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Unbeatable Mind Foundations

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  1. Lesson 1 - Win in Your Mind
    11 Modules
  2. Lesson 2 - Feed the Courage Wolf
    10 Modules
  3. Lesson 3 - Five Mountains and Self Mastery in Service
    8 Modules
  4. Lesson 4 - Five Plateaus
    10 Modules
  5. Lesson 5 – Physical Mountain
    8 Modules
  6. Lesson 6 – Mental Mountain
    10 Modules
  7. Lesson 7 – Emotional Mountain
    8 Modules
  8. Lesson 8 – Intuitive Mountain
    7 Modules
  9. Lesson 9 – Kokoro Mountain
    11 Modules
  10. Lesson 10 – Leading the Self
    8 Modules
  11. Lesson 11 - Unbeatable Teams
    11 Modules
  12. Lesson 12 – The Way of Mastery
    8 Modules

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Lesson 11, Topic 8
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Great Teammates

Apr 2018
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What are the traits of a great teammate?  Here are some thoughts to ponder and help you determine if your teammates are friend or foe to your future elite team.  It goes without saying that you can consider where you stand on them as well:

  • A great teammate is a good listener and spends time learning to ask good questions.  Be wary of the one that needs to always have “the answer.”
  • A great teammate is not divisive.  His or her contribution is provided in a constructive and balanced manner, with ego set aside at the door. Disagreement with a plan or action is acceptable and valuable when done in a spirit of harmony versus discord.  Anytime I had a teammate state “this plan sucks,” I cringed.  It is not very helpful to negatively comment even if you think you may know of a better way. It slams the door in the face of the leader. Better to question and offer ideas than criticize and shut down the conversation.
  • A great teammate receives feedback well and is not afraid to provide supportive feedback to his teammates.  In essence, he or she is both coachable and a good coach. 
  • A great teammate supports the mission of the team.  They seek opportunities to make the positional leader’s job easier.  Once the mission is agreed upon he or she does what he can to back up the mission leader and his teammates to ensure success.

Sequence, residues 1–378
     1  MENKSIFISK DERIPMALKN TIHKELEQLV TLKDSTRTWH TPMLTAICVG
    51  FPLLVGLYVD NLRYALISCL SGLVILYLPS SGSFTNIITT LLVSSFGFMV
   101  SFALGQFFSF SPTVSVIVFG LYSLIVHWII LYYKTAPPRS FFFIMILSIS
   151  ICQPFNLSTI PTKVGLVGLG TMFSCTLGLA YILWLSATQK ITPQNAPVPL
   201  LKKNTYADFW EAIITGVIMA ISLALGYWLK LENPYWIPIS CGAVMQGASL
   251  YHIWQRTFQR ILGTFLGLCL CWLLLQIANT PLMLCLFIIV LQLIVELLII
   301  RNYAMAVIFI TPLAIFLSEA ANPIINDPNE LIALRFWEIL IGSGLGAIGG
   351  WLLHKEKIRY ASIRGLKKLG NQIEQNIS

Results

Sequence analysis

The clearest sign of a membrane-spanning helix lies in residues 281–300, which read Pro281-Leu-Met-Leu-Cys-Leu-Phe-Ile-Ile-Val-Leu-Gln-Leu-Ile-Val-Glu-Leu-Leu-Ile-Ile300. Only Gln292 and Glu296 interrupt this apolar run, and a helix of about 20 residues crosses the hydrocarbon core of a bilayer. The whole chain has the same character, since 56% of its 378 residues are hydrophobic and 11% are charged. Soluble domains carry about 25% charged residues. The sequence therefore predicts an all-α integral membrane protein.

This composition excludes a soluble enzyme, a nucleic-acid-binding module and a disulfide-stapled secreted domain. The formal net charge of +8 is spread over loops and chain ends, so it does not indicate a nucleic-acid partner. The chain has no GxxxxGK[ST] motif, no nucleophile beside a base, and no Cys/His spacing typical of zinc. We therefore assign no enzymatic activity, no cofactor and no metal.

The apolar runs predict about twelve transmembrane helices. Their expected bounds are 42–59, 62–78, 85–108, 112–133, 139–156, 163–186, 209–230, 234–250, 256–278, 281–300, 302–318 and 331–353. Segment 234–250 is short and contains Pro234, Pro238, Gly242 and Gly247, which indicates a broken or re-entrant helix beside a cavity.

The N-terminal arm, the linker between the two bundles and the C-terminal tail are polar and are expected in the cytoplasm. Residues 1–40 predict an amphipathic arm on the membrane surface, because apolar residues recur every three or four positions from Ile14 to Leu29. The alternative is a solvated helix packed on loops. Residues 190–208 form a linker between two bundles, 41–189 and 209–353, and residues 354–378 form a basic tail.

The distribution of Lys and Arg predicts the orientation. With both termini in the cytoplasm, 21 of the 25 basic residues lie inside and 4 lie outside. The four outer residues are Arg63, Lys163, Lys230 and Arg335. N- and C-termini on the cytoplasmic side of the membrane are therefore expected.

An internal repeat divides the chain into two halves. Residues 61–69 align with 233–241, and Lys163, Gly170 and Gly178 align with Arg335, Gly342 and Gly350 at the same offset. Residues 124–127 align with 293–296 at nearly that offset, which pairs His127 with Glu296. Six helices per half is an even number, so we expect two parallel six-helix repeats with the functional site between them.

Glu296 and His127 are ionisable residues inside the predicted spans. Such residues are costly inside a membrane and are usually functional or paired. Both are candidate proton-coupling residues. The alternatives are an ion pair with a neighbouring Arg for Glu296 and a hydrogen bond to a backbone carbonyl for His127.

• A great teammate cultivates attention to detail in the areas of expertise and seeks to attain a useful working knowledge of other teammate’s jobs so that he can pitch in.  Further, they do not shy from the “common area” duties that no specific individual is assigned to – such as emptying the garbage or cleaning the dishes in the sink.  Only large and bloated bureaucracies and unionized companies have someone to fill every common area task.  Elite teams don’t need to spend the money or wait for someone else to does these things; it is just done when it needs to be done.
  • A great teammate has a service mentality and actively takes care of teammates.  The power of the team comes from all teammates looking after each other and serving each other.  The links in the chain are reinforced and greased daily when all teammates act in service of the others and the team.
  • A great teammate trusts themselves and doesn’t second guess or dilly dally in decisions.  This trust in self projects trustworthiness to other teammates and cultivate the team’s collective mental toughness
  • A great teammate doesn’t shy from the challenge.  They share risk with teammates and strengthen trust.
  • A great teammate has developed their mind with strong situational awareness, mental focus and the ability to remain calm under pressure.  In essence, they are mentally tough and will not take any action that will diminish the team’s collective toughness.  Watching a video of the Mars Spirit and Opportunity NASA – JPL team in action was a great example of this.  The entire ready room was poised, focused and calm as they performed a near-impossible task of landing a vehicle safely on a planet far from home.
  • A great teammate is decisive and those decisions are grounded in thoughtful, experience-based reality.  They are not reactionary.
  • A great teammate is ready to assume leadership at any time and is excited when the opportunity arises.

No doubt there are other qualities of great teammates, but this is a good start.  Where does your team stand on these?  Where do you?